Gas consumption is rising. The natural gas sector is growing three times faster than oil and according to the BP Energy Outlook 2040 will rise at least 1 percent globally until 2050.
Market watchers hoping for a spike in domestic gas prices will have to wait: enormous gains in natural gas production inside the United States should keep prices down, though export markets give producers reason to keep pumping more.
Within the domestic United States record gas demand in winter 2018-2019 will be met by domestic production, which is set to to exceed 30 trillion cubic feet in 2019. Natural gas prices have stuck at around USD 3/million BTU, and the supply-demand ba lance inside the U.S. will likely keep domestic prices from climbing much higher.
The real growth opportunity lies in natural gas exports: the U.S. became a net exporter of natural gas in 2017. In the next decade, it will surpass every other nation and become the worlds largest natural gas producer.
That is the biggest energy shift in a generation.
Future growth will come from LNG and from pipeline exports to Mexico, where U.S. exports have carved out a market.
Natural gas exports to Mexico rose from 333 trillion cubic feet in 2010 to 1,500 trillion cubic feet in 2017, according to EIA data. While growth slowed in 2018 due to lack of pipeline capacity, additions on both sides of the U.S.-Mexico border should allow exports to increase in 2019-2020.
Over the next decade, stable gas prices inside the United States, thanks to abundant supply, will encourage more investment into export facilities, particularly pipelines.
Even with stable prices, companies sending gas south of the border should enjoy expanding capacity and growing demand, as Mexico adds more gas-fired electricity plants amidst declining domestic gas production. Pipelines will mean less LNG imports, which are more expensive for Mexico than cross-border imports, and will leave US LNG supply free to tap more profitable markets in East Asia, where spot prices are higher.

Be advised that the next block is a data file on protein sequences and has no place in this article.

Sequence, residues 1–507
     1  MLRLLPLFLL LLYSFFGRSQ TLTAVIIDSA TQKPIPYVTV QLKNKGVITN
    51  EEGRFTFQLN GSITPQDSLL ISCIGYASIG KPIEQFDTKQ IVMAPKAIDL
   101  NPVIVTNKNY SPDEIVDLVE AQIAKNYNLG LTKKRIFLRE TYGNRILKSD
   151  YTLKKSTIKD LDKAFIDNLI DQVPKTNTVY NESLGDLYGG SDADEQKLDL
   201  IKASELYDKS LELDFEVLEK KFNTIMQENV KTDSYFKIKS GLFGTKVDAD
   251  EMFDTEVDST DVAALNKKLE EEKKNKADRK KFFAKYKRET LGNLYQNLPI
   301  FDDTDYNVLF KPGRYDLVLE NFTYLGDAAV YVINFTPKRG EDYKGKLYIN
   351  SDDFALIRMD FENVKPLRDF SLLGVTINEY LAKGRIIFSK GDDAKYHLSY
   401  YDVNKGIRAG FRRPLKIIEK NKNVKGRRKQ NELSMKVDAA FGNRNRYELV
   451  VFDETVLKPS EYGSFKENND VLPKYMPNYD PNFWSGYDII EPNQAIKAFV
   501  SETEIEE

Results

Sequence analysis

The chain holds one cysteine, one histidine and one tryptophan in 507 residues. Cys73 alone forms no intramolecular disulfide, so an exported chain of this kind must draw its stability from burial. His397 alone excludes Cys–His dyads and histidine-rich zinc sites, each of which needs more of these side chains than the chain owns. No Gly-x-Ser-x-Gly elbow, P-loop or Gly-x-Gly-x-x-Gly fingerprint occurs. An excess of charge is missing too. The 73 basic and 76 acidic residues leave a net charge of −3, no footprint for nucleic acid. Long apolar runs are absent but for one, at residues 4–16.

Inside the United States, expanding production has hit bottlenecks due to a lack of pipeline infrastructure. Together with the need for more U.S.-Mexico pipeline capacity, the companies who will most benefit are those engaged in natural gas infrastructure, particularly firms like Kinder Morgan (KMI) and TransCanada (TRP).
Kinder Morgan has two long-haul natural gas pipelines planned for the Permian (Gulf Coast Express and Permian Highway Pipeline), part of a planned USD 4 billion investment in natural gas infrastructure. The company announced Q3 net income available for dividend distribution at USD 693 million, up from USD 334 million in Q3 2017, and continues to fund growth capital from operating cash flow.
But we are watching Antero Midstream GP (AMGP). This USD 3.2 billion market cap company plans to acquire Antero Midstream Partners, including shares of Antero Resources (AR), to form a simplified corporation, Antero Midstream Corp. Once combined, the new firm will possess the upstream assets of Antero Resources Inc. (AR) in the Marcellus and Utica shale fields, where annual growth has averaged 20 percent. The midstream firm expects to invest USD 2.7 billion over the next five years to support gas production from existing natural gas facilities.
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